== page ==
British Prime Minister Says She'll Trigger Article 50, Begin Brexit Negotiations by March 2017
"There will be no unnecessary delays in invoking Article 50. We will invoke it when we are ready and we will be ready soon."
British Prime Minister Theresa May has said that she will trigger Article 50 -- formally beginning the Brexit negotiation process -- "no later than the end of March next year."
May made the declaration on the first day of the Conservative Party's annual conference in Birmingham, where she told delegates that post-Brexit the United Kingdom would be "a fully-independent, sovereign country" no longer governed by the "jurisdiction of the European Court of Justice."
"Brexit means Brexit and we're going to make a success of it," stated the Prime Minister, who succeeded David Cameron in July -- less than a month after he announced his resignation following a divisive EU referendum that saw a 52 percent majority of the U.K. population vote to leave the European Union.
Under Article 50 of the Lisbon Treaty, the U.K. has two years to negotiate its withdrawal from the EU, although that process only begins once Article 50 has been triggered. The U.K. is the first country to leave the EU since its formation in 1993.
"There will be no unnecessary delays in invoking Article 50. We will invoke it when we are ready and we will be ready soon," said May of the historic decision, which she said would end "the authority of EU law in Britain."
The consequences of that decision for the music business are potentially huge, encompassing dramatic currency swings, new trade agreements and extra tariffs on imports and exports with EU member states -- such as France, Germany, the Netherlands and Sweden -- and the possibility of U.K. acts requiring separate working visas for each EU country they wish to visit, meaning extra administration and cost burdens, with smaller bands and tightly budgeted treks likely to be among those hardest hit.
There are also serious implications for copyright law, with the EU's eagerly-anticipated copyright reforms -- including its recent vow to make user-generated services like YouTube pay more to rights holders, as part of its Digital Single Market strategy -- only applicable to EU member states. If the U.K. is no longer part of the European Union, then British artists and rights holders are theoretically not bound by any legislation introduced by the European Parliament. Brexit does, however, mean that there is nothing to stop the British government from reforming its own copyright regulations, free from Brussels' red tape.
The contentious issue of controlling immigration was a key part of the EU referendum campaign and is sure to figure heavily in any Brexit negotiations. Speaking at the Conservative conference, Brexit Secretary David Davis said that the government would "protect the rights of EU citizens here, so long as Britons in Europe are treated the same way" -- no doubt a welcome statement to the thousands of EU citizens working at music companies in the U.K., as well as the 1.3 million Brits estimated to be living and working in Europe.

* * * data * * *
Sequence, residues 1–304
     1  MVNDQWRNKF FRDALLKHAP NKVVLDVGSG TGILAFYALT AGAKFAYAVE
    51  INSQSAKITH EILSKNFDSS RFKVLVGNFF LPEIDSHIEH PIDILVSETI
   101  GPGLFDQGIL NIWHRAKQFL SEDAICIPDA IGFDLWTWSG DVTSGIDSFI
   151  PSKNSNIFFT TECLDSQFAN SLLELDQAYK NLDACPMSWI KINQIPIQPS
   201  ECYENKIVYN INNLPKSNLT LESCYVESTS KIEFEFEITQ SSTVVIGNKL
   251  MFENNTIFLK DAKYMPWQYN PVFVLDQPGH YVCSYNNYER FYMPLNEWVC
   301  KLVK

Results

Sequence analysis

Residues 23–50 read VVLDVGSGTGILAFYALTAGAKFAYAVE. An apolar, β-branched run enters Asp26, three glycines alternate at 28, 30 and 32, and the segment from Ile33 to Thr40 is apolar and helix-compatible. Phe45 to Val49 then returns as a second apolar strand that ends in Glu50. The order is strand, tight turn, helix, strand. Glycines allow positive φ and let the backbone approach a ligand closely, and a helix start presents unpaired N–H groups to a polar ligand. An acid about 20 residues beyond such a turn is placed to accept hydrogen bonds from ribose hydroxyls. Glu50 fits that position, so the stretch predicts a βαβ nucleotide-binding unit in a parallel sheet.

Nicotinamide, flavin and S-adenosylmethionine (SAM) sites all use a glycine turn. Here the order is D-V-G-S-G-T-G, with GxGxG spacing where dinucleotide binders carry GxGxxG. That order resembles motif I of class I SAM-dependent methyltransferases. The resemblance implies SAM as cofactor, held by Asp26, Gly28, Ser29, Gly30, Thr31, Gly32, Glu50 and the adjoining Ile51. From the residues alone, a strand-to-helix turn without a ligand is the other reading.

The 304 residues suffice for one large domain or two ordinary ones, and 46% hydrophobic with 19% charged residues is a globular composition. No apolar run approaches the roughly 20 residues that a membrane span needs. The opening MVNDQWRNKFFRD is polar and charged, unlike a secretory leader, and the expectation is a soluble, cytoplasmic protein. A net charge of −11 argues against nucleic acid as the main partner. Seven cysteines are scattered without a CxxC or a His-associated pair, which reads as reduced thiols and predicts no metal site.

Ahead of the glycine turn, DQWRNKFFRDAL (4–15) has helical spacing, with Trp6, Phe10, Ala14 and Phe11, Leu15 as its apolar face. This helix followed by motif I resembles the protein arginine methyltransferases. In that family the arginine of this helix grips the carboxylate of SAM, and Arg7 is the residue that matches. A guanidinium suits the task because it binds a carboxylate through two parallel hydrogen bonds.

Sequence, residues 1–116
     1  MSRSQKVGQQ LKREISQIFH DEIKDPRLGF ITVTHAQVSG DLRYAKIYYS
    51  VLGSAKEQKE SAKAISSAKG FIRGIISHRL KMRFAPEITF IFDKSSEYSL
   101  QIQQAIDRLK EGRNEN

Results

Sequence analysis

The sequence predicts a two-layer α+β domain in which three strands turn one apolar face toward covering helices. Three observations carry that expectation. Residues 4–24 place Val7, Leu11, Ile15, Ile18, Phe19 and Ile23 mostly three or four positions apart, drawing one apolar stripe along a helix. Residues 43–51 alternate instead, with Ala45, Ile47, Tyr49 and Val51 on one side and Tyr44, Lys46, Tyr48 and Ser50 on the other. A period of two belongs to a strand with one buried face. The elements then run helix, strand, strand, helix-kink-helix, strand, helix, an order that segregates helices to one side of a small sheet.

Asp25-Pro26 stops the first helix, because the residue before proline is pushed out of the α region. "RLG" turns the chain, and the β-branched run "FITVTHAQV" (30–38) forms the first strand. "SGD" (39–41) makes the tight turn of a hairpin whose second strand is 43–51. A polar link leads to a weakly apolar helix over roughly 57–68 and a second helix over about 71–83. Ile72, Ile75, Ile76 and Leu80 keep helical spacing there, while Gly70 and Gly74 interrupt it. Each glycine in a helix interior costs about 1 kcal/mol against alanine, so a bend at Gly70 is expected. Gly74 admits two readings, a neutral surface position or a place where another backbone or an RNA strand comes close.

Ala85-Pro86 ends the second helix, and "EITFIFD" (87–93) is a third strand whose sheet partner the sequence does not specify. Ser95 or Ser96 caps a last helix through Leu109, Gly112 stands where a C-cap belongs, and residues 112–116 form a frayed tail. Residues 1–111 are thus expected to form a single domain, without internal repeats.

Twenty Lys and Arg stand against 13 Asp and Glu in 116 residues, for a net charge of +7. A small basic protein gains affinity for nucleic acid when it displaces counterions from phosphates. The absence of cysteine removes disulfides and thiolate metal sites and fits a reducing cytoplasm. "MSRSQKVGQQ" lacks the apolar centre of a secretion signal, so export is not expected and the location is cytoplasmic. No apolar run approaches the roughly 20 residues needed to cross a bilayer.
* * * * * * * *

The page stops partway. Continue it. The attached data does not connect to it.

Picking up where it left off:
The near-certain introduction of a limit to immigration numbers is still likely to impact on British music companies, though. Drew Hill, managing director of the U.K.'s largest independent distributor Proper Music, told Billboard earlier this year that of its 120 warehouse workforce, at least one third are European migrants due to a shortage of British applicants. "We would not be in the position that we're in today in terms of having a very buoyant business were it not for those migrant workers."
Another consequence could be an increase in CD and vinyl manufacturing costs for the majority of U.K. labels that press their records in European countries and, as members of the EU, don't currently have to pay import taxes. Any increase in taxation post-Brexit would likely have a knock-on effect for U.S. labels and cut into their profit margins on physical product sold in the U.K.
Despite those concerns, the message from Theresa May's government is that British businesses and their international trading partners need not fear the consequences of formally leaving the EU.
"History shows that the easier it is for us to do business together, the better it is for both Britain and Europe," said Brexit Secretary David Davis, speaking after May. He added that it "certainly won't be to anyone's benefit to see an increase in barriers to trade, in either direction."
He continued: "We want to maintain the freest possible trade between us, without betraying the instruction we have received from the British people to take back control of our own affairs."
"The referendum was not a vote to turn in ourselves, to cut ourselves off from the world," said May earlier in the day. "It was a vote for Britain to stand tall. To believe in ourselves. To forge an ambitious and optimistic new role in the world."